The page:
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Can dogs get side effects from cortisone?

Dogs are sometimes treated with cortisone, just like us humans. Treatment with the drug can have both short-term and long-term side effects that cause different symptoms in your dog. In this article, you will find out which symptoms to watch out for.

What are the most common short-term side effects?

Short-term side effects are those that we expect a pet to experience and develop when they have recently been put on cortisone as a treatment. Exactly which side effects the dog gets and how serious they are depends on several factors such as the disease to be treated, the dose, how long the dog has been on cortisone and any other medication.

  • Increased thirst and urination
  • Increased appetite
  • The dog often starts panting more, increased breathing
  • Changed energy level in some dogs which can be interpreted as anxiety
  • Any infection may break out or an existing one may worsen
  • Vomiting or nausea (less common)

Some prediabetic dogs can become diabetic (develop diabetes) after cortisone use. In many cases, the symptoms of diabetes disappear when the treatment ends.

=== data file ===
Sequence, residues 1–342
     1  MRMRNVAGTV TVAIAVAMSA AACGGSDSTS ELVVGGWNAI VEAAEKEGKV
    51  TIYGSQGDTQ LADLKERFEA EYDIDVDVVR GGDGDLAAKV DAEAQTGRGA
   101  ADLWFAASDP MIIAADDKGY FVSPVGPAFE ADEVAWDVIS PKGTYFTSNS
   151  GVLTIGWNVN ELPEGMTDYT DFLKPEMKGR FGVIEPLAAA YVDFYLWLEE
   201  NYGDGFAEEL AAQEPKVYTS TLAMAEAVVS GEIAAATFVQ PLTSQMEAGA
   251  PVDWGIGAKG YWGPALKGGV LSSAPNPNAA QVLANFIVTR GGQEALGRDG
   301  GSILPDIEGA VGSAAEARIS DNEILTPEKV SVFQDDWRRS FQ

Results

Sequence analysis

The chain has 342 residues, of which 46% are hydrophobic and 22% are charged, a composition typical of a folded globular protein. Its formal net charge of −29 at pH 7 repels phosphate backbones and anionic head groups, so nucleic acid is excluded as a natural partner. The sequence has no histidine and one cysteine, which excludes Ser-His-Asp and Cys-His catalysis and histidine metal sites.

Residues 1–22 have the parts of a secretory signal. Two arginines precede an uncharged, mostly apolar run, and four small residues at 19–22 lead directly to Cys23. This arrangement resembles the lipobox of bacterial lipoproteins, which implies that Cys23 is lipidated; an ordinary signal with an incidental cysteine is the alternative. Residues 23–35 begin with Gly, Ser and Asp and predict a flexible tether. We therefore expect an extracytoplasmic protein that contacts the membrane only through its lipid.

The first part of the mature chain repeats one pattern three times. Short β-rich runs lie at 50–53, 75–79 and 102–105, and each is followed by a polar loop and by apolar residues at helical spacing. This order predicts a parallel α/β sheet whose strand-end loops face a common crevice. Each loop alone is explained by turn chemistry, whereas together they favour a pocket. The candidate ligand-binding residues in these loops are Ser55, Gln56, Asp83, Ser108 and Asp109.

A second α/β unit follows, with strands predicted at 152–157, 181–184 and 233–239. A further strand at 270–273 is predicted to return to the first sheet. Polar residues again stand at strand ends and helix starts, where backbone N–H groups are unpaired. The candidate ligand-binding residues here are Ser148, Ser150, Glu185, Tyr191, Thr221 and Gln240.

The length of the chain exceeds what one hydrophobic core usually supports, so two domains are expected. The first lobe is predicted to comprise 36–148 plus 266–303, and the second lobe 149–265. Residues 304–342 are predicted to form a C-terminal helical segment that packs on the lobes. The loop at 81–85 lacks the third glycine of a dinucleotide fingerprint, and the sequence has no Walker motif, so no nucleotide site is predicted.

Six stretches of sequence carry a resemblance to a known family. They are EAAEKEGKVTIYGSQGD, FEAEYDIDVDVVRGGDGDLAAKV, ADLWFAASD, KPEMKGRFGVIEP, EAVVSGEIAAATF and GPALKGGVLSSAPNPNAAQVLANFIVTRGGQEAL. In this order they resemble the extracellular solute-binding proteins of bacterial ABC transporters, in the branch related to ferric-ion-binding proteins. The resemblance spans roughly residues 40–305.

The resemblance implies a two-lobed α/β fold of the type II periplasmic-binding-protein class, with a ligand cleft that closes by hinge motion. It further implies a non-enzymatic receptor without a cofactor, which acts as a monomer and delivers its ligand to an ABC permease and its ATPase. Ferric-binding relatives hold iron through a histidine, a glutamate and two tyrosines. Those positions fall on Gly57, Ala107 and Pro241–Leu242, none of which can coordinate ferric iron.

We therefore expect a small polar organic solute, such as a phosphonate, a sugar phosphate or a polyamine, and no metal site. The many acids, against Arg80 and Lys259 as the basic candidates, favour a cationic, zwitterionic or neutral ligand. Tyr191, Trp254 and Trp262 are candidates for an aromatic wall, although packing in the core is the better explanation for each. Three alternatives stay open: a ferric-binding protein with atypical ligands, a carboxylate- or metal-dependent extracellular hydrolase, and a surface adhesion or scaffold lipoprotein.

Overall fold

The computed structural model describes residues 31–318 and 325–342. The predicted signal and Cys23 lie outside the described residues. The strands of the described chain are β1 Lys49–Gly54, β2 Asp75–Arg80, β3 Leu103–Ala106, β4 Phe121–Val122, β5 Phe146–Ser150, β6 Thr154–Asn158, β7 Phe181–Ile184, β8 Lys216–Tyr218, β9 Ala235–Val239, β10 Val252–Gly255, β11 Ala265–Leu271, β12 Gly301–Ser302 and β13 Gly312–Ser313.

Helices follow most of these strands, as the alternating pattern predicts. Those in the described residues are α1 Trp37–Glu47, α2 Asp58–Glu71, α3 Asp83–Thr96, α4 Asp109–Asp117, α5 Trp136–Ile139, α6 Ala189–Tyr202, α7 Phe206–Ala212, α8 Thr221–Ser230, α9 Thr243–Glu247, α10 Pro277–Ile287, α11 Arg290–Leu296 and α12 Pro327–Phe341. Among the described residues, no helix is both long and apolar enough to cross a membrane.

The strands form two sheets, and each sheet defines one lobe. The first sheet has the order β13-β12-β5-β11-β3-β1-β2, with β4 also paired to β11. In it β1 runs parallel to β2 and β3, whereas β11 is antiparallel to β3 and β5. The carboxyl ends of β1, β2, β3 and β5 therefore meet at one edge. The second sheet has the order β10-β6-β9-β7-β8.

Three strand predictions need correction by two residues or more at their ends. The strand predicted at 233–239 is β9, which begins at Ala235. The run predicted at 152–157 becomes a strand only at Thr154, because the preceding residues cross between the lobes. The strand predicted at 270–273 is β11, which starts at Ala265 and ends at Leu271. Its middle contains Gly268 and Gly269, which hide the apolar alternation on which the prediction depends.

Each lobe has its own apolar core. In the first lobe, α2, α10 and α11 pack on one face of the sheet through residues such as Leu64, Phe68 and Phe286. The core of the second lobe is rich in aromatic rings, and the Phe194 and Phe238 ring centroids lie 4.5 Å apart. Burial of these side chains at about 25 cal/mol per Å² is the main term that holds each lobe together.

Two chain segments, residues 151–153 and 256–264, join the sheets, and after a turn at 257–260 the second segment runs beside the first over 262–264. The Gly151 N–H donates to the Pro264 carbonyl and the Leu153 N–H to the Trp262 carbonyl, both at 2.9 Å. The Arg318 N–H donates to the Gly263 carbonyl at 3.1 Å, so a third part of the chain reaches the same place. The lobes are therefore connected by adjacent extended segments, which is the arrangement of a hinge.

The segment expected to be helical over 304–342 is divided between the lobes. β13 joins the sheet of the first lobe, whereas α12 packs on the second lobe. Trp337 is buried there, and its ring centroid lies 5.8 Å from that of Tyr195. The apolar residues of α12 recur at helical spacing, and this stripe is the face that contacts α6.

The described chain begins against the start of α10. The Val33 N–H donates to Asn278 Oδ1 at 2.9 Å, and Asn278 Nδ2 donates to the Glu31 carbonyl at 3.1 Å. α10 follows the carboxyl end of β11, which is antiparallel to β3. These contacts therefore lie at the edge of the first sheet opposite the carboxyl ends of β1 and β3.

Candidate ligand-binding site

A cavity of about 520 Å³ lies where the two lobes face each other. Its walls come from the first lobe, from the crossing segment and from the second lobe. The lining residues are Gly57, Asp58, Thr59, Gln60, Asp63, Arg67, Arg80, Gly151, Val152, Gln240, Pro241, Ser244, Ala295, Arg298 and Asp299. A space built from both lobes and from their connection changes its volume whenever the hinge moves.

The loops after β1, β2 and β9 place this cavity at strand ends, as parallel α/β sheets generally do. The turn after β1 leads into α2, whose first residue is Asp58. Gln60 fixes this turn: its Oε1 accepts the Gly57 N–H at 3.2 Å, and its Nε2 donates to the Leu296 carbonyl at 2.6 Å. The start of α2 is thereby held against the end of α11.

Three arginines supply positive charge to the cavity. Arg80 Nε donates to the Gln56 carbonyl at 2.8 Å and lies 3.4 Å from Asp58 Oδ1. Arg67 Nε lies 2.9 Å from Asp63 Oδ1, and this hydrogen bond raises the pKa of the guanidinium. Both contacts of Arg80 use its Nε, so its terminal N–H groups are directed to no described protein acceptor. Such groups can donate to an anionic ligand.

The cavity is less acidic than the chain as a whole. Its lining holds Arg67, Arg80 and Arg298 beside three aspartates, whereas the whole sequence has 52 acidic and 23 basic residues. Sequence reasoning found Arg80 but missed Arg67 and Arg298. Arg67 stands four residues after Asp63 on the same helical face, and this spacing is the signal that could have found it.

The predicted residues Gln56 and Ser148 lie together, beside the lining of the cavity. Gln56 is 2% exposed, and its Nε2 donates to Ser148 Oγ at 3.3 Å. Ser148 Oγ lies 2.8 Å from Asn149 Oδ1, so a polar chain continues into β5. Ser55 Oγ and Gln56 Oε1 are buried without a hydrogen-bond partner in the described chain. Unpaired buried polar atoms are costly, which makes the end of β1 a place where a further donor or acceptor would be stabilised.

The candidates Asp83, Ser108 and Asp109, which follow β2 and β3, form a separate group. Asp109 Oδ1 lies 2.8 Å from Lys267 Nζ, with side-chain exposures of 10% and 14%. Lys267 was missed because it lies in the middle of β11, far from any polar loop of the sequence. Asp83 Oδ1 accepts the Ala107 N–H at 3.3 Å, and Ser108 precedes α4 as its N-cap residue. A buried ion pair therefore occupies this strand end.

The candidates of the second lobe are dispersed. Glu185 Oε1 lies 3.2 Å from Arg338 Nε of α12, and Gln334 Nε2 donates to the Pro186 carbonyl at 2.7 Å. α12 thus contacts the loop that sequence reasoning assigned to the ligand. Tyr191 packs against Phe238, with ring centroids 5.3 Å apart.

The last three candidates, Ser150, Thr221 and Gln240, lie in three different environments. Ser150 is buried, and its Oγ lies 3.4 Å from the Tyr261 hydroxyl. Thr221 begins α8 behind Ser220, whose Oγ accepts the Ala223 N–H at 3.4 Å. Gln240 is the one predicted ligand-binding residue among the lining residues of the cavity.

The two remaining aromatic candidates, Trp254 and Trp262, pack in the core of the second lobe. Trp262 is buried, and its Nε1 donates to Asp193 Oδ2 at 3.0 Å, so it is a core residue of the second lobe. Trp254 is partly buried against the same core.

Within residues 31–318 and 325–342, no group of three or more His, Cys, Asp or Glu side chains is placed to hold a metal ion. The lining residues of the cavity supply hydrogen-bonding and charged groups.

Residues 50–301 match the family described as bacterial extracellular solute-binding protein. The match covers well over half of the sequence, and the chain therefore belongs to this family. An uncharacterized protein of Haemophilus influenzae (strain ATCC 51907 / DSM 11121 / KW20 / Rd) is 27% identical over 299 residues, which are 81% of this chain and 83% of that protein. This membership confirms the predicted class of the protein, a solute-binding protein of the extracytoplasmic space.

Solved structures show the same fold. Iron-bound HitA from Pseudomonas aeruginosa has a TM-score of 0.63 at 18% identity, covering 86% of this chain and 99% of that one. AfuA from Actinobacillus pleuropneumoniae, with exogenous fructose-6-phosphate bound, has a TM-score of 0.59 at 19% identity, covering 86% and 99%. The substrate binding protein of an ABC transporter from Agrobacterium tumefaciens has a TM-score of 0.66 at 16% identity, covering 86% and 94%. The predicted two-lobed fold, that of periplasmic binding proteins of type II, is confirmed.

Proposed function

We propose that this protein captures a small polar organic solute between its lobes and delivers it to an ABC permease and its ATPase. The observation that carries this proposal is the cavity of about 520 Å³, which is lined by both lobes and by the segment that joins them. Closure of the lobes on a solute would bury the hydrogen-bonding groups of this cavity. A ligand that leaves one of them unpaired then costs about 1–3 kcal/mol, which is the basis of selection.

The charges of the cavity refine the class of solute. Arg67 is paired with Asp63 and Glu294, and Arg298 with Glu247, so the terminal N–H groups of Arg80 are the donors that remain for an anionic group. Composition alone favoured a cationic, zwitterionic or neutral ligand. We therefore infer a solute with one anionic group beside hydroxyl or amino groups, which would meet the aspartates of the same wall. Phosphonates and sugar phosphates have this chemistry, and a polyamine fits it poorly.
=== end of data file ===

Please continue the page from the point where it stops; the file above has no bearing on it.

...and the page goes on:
If some of these side effects occur, they can often be eliminated by reducing the dose of the cortisone treatment. In some cases, your veterinarian may prescribe a different type of cortisone that often has fewer of the side effects described above. The goal is to use as little cortisone as possible and with as few side effects as possible so that the treatment is still effective.

What are some of the most common long-term side effects?

Some diseases and medical conditions require long-term treatment with cortisone. When cortisone needs to be prescribed for more than 3-4 months, new side effects can cause problems. The most common are:

Increased risk of bacterial infections. For example, urinary tract infections are seen in up to 30% of our dogs and cats receiving cortisone. Cortisone inhibits the body's inflammation system, which makes it easier for infections to take hold and cause a urinary tract infection.

  • Thinner skin and a thinner and more tired looking coat
  • Development of calluses or spots on the skin
  • Increased susceptibility to fungal infections (especially in the nose)
  • Worse ability to heal wounds (NOTE important to consider during surgery)
  • Development of obesity due to increased hunger
  • Weaker muscles due to the body's proteins being broken down (catabolized)
  • Lower fertility and some bitches have irregular heats
  • Greater risk of developing diabetes

When should I contact the vet?

If you feel that your dog is showing symptoms of side effects of cortisone, contact your vet.

If you have an Agria Pet Insurance policy, you can use the Agria Vet Guide app for free advice, 24/7.

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